Tuesday, 26 January 2016
Technological Universities Bill 2015: Report Stage
I move amendment No. 3:
In page 11, to delete lines 8 to 15.
As I am sure the Minister is aware, these amendments would remove all references to the term "merged" or "merged institutions" from the Bill. I know she will argue in her rebuttal that this would defeat the whole purpose of the Bill, but I ask her to hear me out. As she is aware, we are in favour of the introduction of technological universities, but not in the way she is proposing and the way the Department has brought forward this legislation. As she said in her opening contribution, this is very complex legislation. Despite her claim that there has been ongoing engagement with the trade unions and staff on this, I do not believe, having spoken to members of the TUI, that this is the case. The TUI has informed me that it has had three meetings in the past year with the Department and that it was very clear at those meetings that they were briefings rather than engagements. In the TUI's opinion, none of the significant concerns raised has been taken on board.
In the absence of an allocation of proper funding for the merger process, it is difficult to regard this Bill as anything other than the bandying about of the word "university." Many staff members feel it is just a smoke screen for rationalisation, which would have severe detrimental effects not only on staff but also on students in terms of both access to third level education and the quality of service therein. That there is no guarantee that the technological university designation will be conferred on a merged institute of technology entity, and that the provisions of the Bill apply to both merged and non-merged institutes of technology and technological universities, are of concern.
We still have concerns over the potential consequences of the Bill, given the current crisis owing to under-funding, under-staffing and precarious employment in the institutions, which we believe has still not been addressed. Between 2008 and 2015, funding for the sector was cut by a massive 35%, or nearly €190 million. Over the same period, lecturer numbers fell by almost 10%, or by 535, while student numbers rose by a staggering 32%, or in excess of 21,000. There is no guarantee that the mergers, if they were to proceed, would not result in a reduced number of courses.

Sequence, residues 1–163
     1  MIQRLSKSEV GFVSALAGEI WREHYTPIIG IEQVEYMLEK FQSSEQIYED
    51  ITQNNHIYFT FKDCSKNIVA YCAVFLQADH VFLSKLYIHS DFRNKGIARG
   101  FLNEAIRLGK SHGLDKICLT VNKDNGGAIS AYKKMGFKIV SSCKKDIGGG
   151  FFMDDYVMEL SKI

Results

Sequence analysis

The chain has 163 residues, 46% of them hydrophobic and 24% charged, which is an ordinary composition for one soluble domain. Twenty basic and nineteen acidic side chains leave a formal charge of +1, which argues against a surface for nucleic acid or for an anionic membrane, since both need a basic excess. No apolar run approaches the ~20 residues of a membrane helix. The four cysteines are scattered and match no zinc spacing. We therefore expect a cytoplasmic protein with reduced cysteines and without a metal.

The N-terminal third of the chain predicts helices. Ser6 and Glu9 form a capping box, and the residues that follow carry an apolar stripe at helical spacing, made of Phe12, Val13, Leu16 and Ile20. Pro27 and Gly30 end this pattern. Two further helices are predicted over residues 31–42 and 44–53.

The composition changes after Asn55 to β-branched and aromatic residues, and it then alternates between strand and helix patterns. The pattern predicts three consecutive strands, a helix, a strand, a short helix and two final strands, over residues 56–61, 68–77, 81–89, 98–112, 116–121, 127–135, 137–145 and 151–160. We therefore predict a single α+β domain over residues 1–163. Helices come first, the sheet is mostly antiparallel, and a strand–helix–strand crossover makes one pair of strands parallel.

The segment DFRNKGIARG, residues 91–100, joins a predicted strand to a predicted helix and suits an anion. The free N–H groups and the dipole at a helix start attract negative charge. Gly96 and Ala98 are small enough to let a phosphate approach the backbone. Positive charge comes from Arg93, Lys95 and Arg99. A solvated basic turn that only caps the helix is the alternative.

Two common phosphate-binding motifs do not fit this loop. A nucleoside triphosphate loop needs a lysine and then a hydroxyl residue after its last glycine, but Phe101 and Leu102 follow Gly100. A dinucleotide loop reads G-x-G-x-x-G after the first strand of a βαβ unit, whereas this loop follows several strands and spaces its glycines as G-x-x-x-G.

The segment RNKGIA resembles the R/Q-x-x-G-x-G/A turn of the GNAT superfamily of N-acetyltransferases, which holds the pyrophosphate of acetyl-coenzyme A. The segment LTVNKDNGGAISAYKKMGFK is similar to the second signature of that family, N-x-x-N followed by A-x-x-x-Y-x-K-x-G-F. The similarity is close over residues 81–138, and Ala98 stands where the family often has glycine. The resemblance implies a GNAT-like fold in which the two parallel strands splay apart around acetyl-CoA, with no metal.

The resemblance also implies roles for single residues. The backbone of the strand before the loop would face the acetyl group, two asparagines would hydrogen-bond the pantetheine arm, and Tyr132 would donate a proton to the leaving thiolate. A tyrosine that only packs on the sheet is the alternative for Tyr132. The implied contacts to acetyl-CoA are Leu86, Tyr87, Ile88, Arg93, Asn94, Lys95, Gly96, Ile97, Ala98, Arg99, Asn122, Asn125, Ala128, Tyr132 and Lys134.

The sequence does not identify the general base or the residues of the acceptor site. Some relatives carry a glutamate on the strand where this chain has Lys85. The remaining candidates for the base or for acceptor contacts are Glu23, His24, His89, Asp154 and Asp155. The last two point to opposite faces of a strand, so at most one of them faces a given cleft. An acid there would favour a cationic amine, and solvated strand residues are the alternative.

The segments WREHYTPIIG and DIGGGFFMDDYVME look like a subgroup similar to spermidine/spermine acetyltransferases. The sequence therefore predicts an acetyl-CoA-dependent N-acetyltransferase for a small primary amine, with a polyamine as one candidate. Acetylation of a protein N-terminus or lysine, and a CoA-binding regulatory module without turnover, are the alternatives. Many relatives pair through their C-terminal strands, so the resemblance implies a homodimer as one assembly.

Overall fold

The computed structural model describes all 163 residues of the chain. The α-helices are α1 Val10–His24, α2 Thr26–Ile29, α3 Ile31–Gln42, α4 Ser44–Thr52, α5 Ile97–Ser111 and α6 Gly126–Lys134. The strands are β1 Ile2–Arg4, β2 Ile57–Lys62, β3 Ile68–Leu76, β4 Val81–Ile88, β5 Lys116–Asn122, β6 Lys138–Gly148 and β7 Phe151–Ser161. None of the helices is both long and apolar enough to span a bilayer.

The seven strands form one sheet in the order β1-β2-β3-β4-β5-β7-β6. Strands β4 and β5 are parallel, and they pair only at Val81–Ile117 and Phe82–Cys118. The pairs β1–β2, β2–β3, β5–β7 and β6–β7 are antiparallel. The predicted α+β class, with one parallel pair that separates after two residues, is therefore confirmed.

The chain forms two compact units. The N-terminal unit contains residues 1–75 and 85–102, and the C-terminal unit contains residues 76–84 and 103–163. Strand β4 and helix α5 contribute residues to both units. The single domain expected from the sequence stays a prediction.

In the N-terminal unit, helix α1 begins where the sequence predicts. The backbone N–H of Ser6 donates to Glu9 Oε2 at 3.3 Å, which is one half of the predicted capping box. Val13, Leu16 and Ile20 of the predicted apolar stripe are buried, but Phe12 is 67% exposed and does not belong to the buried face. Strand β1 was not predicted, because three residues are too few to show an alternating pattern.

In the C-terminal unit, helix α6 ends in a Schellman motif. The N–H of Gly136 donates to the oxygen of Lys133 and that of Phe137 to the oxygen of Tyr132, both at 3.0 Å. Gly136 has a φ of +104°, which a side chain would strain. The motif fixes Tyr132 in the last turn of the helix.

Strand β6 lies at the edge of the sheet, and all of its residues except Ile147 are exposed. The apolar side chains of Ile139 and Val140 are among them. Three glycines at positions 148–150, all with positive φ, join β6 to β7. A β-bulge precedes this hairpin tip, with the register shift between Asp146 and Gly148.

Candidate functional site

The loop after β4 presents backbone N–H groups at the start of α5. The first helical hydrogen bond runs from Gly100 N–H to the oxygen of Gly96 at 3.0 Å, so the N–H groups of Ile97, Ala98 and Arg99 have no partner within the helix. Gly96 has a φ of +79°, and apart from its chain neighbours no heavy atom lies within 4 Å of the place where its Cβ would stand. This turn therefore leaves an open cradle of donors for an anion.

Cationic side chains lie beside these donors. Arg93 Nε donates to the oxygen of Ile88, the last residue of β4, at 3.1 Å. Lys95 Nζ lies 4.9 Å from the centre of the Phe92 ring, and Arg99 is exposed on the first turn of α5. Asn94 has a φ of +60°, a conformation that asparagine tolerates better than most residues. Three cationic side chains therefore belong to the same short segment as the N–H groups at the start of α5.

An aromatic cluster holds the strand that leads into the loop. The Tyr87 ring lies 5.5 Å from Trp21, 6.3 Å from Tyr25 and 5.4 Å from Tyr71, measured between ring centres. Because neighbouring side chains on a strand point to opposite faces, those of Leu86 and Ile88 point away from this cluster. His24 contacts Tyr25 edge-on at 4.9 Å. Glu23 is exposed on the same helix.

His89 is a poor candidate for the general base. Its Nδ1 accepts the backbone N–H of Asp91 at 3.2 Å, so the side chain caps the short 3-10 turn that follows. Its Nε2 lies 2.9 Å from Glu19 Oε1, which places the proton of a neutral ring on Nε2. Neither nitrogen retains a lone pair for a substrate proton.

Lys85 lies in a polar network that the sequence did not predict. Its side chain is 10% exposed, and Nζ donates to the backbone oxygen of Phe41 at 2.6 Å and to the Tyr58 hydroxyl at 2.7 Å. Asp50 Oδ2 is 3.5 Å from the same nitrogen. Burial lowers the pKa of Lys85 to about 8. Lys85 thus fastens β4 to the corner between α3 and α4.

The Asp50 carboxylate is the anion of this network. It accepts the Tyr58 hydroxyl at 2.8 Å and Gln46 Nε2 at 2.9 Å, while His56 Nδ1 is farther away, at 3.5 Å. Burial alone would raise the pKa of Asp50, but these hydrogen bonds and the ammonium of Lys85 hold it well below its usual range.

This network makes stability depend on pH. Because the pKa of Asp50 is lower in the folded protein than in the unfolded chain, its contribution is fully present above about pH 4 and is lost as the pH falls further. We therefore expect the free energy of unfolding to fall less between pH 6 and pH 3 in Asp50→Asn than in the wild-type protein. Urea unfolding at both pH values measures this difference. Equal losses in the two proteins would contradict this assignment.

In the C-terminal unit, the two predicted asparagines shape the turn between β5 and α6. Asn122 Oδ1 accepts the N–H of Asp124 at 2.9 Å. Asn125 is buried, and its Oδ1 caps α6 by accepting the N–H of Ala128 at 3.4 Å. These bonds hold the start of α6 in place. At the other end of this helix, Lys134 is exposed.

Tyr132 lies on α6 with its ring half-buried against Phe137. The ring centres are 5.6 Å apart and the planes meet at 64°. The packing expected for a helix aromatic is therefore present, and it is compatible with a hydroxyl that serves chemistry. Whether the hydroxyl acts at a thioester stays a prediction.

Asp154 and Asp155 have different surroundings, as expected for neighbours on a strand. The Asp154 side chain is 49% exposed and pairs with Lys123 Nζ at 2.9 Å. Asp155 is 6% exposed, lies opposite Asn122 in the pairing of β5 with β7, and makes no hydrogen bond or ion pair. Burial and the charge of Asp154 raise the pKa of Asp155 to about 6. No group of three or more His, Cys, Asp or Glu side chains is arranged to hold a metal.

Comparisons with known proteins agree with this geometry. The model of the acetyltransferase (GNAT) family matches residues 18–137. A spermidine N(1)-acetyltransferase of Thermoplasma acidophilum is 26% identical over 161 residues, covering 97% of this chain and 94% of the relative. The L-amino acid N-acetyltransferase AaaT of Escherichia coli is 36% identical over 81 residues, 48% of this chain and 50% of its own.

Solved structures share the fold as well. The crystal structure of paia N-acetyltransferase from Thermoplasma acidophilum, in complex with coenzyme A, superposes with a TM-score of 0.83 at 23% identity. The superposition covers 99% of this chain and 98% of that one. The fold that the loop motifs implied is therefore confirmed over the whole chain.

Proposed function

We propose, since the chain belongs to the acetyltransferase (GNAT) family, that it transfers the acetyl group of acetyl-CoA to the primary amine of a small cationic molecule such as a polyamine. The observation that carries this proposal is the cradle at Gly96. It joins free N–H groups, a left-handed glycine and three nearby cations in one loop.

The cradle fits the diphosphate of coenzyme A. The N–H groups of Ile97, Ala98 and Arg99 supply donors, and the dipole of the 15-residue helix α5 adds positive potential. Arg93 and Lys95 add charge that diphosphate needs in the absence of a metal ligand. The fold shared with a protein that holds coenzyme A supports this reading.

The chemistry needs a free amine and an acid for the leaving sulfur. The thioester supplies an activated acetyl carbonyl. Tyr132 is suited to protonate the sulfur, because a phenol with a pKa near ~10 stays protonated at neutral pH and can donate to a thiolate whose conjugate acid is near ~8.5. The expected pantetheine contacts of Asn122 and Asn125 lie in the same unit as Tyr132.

As a result of the massive cuts in funding, the resulting loss of lecturers and the staggering increase in the number of students, many institutes are just keeping their heads above water. The intention to effect such considerable additional change without appropriate resourcing in an era of significantly damaging cutbacks to the sector is, at best, ill-advised. We believe the requirement that institutes of technology must merge before they can apply for technological university status is more related to a programme of rationalisation than to any academic considerations based on the various missions, values and ethos of particular institutes.
Those mergers that are envisaged must be appropriately funded, and the regional mission, including multiple programmes, which is central to the institute of technology ethos, must be retained. Institutes have a proven track record of excellence in programme development and content, in addition to a significant commitment to regional equality and equity of access. They provide multiple programmes from National Framework of Qualifications level 6 to level 10, ranging from apprenticeships to doctorates. The mission of the sector is distinct, with a strong focus on meeting local and regional needs.
A rationalisation agenda will lead to a dramatic reduction in the provision of some of the programmes, in my opinion and that of many of the academics. There are serious justified concerns about a risk of geographical inequity in respect of access to higher education as a result of this Bill. Towns and communities with an existing institute that is being coerced or forced to merge under the requirements of the Bill have real cause to worry. As matters stand, an invaluable part of a local economy may effectively be downgraded or asset-stripped as a result of this Bill. Throughout the whole process, there has been in some institutes a consistent failure to properly consult the real experts, the academic staff.
The Bill, despite the changes and additions the Minister has proposed regarding the social and cultural objectives, is still excessively focused on the concerns of business and enterprise. It would be a grave mistake to prioritise the short-term needs of employers over the long-term needs of students and society. An appropriate balance is required.
I am concerned about the threat the Bill poses to national collective bargaining and the terms and conditions of staff members. Other concerns related to the Bill include the weakening of staff and local representation on governing bodies and the weakening of the academic voice. That is the reasoning behind the amendments we have proposed.